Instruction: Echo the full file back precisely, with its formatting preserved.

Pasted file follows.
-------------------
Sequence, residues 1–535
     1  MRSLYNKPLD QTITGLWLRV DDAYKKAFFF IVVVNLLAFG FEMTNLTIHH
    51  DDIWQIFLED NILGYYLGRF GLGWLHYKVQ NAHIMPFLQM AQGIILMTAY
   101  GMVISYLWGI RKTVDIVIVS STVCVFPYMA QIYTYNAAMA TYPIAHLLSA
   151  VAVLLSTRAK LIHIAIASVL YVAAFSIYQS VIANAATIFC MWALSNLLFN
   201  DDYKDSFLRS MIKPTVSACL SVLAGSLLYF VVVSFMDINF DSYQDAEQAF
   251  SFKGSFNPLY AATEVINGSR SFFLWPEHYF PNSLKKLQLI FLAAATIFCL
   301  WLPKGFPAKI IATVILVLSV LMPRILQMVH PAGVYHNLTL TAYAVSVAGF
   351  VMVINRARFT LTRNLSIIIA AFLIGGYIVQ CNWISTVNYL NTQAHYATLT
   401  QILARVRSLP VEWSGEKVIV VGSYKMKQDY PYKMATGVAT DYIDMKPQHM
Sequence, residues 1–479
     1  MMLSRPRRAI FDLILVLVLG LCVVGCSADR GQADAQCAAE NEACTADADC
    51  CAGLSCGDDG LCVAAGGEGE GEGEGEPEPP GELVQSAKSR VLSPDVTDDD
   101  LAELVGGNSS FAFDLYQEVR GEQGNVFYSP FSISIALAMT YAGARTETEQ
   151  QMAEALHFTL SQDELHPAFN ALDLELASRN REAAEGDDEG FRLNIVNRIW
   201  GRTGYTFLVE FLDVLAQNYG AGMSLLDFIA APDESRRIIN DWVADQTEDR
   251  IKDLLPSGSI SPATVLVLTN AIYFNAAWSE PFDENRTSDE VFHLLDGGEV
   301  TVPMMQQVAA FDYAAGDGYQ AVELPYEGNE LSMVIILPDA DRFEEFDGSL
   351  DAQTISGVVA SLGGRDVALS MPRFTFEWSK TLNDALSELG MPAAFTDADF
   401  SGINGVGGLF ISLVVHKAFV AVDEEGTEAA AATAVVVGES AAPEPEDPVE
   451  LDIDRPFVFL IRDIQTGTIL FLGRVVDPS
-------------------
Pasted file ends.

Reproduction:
Sequence, residues 1–535
     1  MRSLYNKPLD QTITGLWLRV DDAYKKAFFF IVVVNLLAFG FEMTNLTIHH
    51  DDIWQIFLED NILGYYLGRF GLGWLHYKVQ NAHIMPFLQM AQGIILMTAY
   101  GMVISYLWGI RKTVDIVIVS STVCVFPYMA QIYTYNAAMA TYPIAHLLSA
   151  VAVLLSTRAK LIHIAIASVL YVAAFSIYQS VIANAATIFC MWALSNLLFN
   201  DDYKDSFLRS MIKPTVSACL SVLAGSLLYF VVVSFMDINF DSYQDAEQAF
   251  SFKGSFNPLY AATEVINGSR SFFLWPEHYF PNSLKKLQLI FLAAATIFCL
   301  WLPKGFPAKI IATVILVLSV LMPRILQMVH PAGVYHNLTL TAYAVSVAGF
   351  VMVINRARFT LTRNLSIIIA AFLIGGYIVQ CNWISTVNYL NTQAHYATLT
   401  QILARVRSLP VEWSGEKVIV VGSYKMKQDY PYKMATGVAT DYIDMKPQHM
Sequence, residues 1–479
     1  MMLSRPRRAI FDLILVLVLG LCVVGCSADR GQADAQCAAE NEACTADADC
    51  CAGLSCGDDG LCVAAGGEGE GEGEGEPEPP GELVQSAKSR VLSPDVTDDD
   101  LAELVGGNSS FAFDLYQEVR GEQGNVFYSP FSISIALAMT YAGARTETEQ
   151  QMAEALHFTL SQDELHPAFN ALDLELASRN REAAEGDDEG FRLNIVNRIW
   201  GRTGYTFLVE FLDVLAQNYG AGMSLLDFIA APDESRRIIN DWVADQTEDR
   251  IKDLLPSGSI SPATVLVLTN AIYFNAAWSE PFDENRTSDE VFHLLDGGEV
   301  TVPMMQQVAA FDYAAGDGYQ AVELPYEGNE LSMVIILPDA DRFEEFDGSL
   351  DAQTISGVVA SLGGRDVALS MPRFTFEWSK TLNDALSELG MPAAFTDADF
   401  SGINGVGGLF ISLVVHKAFV AVDEEGTEAA AATAVVVGES AAPEPEDPVE
   451  LDIDRPFVFL IRDIQTGTIL FLGRVVDPS